Editorials

Gov. Rick Scott should protect MDC with veto

Miami Herald Editorial Board

Students at work at The Learning Center at Miami Dade College’s Hialeah Campus. MDC would bear the brunt of cuts to remedial education.
Students at work at The Learning Center at Miami Dade College’s Hialeah Campus. MDC would bear the brunt of cuts to remedial education. C.M. GUERRERO

On Thursday, the Herald Editorial Board urged Florida Gov. Rick Scott to veto House Bill 7069 from the state budget because it will gut K-12 public education in the state.

Today we bring the same message, this time encouraging the governor to veto the Florida College System section of the budget passed by the Legislature that unfairly restructures funding for higher education institutions with an elitist twist, again at the expense of public institutions, including Miami Dade College and Broward College.

It appears that state Senate President Joe Negron is trying to make Florida’s 12 public universities — the ones with football teams — destination schools while simultaneously cutting $25 million that has helped the state’s 28 colleges that serve students challenged financially and in the classroom get a hand up.

This obvious disparity in education funding priorities is a slap in the face to Miami Dade College and Broward College — and the tens of thousands of students they serve so well.

What exactly is the message here? Poor, needy students be damned? Let’s just support only our expensive universities — yes, of value to the state — and students who can afford them?

In the proposed higher education budget, MDC stands to lose at least $5 million and potentially as much as $14 million in 2017-18. Broward College is poised to be cut by at least $2.3 million. And it gets worse. These cuts could be steeper depending on how these colleges meet higher benchmarks for performance-based funding. Lawmakers also raised the bar for the colleges next year with unrealistic performance metrics that well-funded students at the more-elite schools will have less difficulty attaining.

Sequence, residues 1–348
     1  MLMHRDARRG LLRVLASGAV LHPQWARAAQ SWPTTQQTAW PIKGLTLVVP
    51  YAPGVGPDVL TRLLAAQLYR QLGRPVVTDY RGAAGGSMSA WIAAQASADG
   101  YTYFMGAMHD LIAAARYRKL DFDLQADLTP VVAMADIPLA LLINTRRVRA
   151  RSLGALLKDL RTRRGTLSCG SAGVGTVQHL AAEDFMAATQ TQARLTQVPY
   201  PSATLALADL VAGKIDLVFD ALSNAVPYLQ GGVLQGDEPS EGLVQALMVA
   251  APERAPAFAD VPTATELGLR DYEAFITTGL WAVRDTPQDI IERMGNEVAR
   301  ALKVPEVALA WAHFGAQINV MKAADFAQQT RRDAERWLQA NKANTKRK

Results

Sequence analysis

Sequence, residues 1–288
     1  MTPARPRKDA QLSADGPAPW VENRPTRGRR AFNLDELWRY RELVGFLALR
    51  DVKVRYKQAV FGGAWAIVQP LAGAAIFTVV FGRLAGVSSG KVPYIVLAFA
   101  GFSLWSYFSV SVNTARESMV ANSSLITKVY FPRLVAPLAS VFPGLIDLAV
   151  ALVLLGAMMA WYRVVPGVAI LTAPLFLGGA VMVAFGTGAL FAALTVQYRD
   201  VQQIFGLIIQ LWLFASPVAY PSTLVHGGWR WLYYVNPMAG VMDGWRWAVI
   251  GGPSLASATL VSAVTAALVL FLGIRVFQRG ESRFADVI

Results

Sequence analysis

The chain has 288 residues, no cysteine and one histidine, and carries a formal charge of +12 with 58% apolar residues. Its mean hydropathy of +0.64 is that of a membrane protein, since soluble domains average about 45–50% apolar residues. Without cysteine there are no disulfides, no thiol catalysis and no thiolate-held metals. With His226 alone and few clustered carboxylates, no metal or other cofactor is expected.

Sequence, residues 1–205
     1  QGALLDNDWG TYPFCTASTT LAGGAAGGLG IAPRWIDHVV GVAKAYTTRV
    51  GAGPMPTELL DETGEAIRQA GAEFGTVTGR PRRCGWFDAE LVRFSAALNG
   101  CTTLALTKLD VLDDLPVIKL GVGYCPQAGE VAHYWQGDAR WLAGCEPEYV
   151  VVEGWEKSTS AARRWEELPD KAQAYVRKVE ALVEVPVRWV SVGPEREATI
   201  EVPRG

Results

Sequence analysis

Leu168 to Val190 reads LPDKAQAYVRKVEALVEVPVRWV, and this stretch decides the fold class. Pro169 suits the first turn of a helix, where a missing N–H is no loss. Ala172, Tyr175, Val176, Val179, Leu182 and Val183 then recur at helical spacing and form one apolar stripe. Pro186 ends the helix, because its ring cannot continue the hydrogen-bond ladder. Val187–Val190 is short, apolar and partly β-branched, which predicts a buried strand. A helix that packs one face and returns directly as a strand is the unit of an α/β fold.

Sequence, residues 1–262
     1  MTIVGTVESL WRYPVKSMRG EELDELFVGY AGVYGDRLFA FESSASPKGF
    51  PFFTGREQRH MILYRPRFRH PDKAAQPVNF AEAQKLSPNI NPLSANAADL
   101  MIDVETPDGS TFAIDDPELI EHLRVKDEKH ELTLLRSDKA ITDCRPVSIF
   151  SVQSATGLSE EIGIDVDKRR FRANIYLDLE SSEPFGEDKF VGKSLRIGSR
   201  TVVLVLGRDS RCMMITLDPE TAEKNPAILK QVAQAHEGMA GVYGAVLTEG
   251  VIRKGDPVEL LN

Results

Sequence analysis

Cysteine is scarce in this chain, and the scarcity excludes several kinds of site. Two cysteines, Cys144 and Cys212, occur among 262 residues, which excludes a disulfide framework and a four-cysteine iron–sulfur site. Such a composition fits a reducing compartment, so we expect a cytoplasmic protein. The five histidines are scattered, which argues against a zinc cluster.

At the core, these proposed cuts to the second-tier Florida College System — the heart and soul of fueling employment and training those who need it most — are counter-productive to the goals of Gov. Scott, who has been a champion of job creation and workforce training. Hello! MDC and BC, among others, are where such training is taking place. The state cannot justify hamstringing these institutions.

Even though the Florida budget has a surplus of $1 billion this year, state colleges are likely receiving the worst cut in history — needlessly. Or is it intentional? In fact, the State University System, which oversees the more renowned four-year universities, received additional allocations in excess of $290 million while the Florida College System was cut nearly $30 million.

We could understand these cuts if this were 2008, but they are not necessitated because of a plunge in the overall state budget.

No, this one smells.

As an aside, the financial obstacles and disrespect shown in recent years to Miami Dade College have a personal tinge to them.

For an institution that helps jump start the lives of low-income, immigrant, older and academically struggling students — maybe that’s not in style anymore — it has suffered some serious slings and arrows — most surprisingly from some members of the Miami-Dade delegation.

For now, the governor should veto the section of the budget that undercuts the Florida College System and ensure lawmakers ultimately do what is right for state colleges. If he fails to do so, the state will undercut the very people who can help it progress the most.

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